Conway: Supply was the major concern. With China’s lockdown occurring early in the pandemic, many pharmaceutical companies were very concerned about their supply chains and whether they could source from China. Those CDMOs with robust supply chain management were able to survive the disruption. We relied on resources at our 23 sites across three continents, as well as the global supply chain supporting these locations. Existing efforts to dual-source from different geographies and establish suitable stockpiles also helped – and, in my view, the pandemic has accelerated discussions around reshoring and rebalancing supply chains.
Speed was another concern that quickly became apparent. Whether it was vaccine research and development, COVID-19 treatments, or drugs in the pipeline, CDMOs were under pressure to work very fast. And we no longer had the luxury of months-long contractual obligation discussions!
Berger: We also received early concerns about China. Because the virus was initially perceived as a regional issue in China, customers had questions about supply chains and how reliant they were upon materials from China and other countries that were affected early.
We quickly mobilized working groups to look deep into our supply chains and identify potential areas of risk. And that meant going beyond the top-tier bills-of-material and our immediate supplier network to understand what – or who – they were reliant on, to consider any and all risks throughout the chain. Even a shortage of minor parts or a key consumable had the potential to affect production of important medicines, so together with procurement specialists working at a cross-company level, we set up local “war rooms” to analyze and mitigate against any foreseeable shortage of materials, including consumables and additional PPE.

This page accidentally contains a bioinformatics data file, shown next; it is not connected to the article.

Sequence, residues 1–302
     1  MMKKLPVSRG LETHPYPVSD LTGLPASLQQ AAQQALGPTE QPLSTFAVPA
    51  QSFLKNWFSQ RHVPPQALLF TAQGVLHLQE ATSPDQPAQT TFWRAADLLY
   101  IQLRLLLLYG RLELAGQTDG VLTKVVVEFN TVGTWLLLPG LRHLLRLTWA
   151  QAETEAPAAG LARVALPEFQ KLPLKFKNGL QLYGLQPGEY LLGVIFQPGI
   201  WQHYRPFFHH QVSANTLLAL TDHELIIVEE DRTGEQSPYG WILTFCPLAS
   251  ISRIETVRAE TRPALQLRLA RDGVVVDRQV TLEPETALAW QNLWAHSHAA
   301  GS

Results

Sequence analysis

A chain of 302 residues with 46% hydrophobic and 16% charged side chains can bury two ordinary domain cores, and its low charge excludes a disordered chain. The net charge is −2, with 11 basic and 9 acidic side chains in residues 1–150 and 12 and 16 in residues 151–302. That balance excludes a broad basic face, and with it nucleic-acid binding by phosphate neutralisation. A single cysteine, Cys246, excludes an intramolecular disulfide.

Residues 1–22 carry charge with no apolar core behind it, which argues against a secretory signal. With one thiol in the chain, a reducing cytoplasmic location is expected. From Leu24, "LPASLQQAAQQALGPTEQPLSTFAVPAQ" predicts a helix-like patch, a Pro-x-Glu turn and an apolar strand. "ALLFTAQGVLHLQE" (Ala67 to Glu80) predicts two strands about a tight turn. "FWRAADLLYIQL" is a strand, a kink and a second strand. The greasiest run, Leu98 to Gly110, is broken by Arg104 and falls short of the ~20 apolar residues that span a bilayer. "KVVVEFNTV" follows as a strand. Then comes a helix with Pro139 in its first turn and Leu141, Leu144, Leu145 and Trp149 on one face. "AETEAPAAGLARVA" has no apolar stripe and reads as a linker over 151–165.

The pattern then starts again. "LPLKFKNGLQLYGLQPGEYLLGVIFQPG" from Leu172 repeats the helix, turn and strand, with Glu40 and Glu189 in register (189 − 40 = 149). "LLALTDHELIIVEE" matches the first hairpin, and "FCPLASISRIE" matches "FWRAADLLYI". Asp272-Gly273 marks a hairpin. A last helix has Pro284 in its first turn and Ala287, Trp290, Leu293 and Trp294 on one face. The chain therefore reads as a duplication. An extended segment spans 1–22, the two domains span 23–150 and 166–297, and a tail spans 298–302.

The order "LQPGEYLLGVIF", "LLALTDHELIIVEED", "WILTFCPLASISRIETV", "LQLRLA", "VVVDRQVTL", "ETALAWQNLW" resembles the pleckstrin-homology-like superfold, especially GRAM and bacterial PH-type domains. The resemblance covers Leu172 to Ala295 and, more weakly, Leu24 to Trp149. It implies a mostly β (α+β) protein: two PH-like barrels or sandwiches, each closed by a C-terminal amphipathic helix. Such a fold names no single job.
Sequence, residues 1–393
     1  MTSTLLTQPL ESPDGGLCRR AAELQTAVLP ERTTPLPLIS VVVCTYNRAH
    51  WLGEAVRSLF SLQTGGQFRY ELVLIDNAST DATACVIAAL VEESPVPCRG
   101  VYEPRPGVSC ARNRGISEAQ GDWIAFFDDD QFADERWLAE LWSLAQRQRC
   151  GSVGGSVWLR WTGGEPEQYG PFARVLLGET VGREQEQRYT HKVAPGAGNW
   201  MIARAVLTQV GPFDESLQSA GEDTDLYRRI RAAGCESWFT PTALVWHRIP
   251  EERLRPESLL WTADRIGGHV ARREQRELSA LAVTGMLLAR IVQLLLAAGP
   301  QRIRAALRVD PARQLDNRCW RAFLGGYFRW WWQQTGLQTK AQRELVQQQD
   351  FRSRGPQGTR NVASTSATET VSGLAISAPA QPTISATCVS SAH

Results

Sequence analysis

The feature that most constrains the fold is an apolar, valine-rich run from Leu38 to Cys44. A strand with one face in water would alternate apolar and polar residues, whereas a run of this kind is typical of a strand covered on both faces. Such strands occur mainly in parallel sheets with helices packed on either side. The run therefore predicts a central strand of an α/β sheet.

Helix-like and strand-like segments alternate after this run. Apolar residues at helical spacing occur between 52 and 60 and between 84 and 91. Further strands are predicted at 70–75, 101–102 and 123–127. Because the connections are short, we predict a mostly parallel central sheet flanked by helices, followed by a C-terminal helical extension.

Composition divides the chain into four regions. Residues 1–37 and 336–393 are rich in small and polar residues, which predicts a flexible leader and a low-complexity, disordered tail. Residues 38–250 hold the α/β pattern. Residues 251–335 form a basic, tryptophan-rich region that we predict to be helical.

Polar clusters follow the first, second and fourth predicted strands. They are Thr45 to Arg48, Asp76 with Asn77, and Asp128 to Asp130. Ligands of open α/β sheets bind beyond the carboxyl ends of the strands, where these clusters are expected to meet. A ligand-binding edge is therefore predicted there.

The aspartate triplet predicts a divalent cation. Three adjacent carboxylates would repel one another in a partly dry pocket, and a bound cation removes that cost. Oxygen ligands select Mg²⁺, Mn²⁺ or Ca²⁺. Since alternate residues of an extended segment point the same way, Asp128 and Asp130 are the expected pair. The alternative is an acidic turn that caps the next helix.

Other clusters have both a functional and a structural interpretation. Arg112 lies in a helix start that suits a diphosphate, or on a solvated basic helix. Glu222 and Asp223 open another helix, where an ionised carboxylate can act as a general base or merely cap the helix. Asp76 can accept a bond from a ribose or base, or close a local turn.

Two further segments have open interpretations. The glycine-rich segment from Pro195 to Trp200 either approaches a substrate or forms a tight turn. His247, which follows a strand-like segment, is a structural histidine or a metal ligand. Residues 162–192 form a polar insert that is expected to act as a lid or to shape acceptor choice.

As the virus spread, concerns about materials having to cross borders and local travel restrictions grew. And when the world began to realize the enormity of the pandemic, thoughts turned to longer term supply and the continuity of operations. CDMOs are an integral component in customers’ supply chains – and so had to make decisions that balanced employee safety with the need to act as a trusted and reliable business partner.
Isele: Communication was important from the very start – even before we realized the extent of the disruption. We communicated with all of our customers from the outset about the state of our supply chain and our stock of raw materials. And we continued to communicate with our customers globally on a monthly basis as the pandemic went on, updating them on supply forecasts, while ensuring that we alerted them to any issue in materials or consumables supply that could impact on manufacturing. High transparency was crucial in providing customers with confidence in a CDMO’s ability to continue to support them.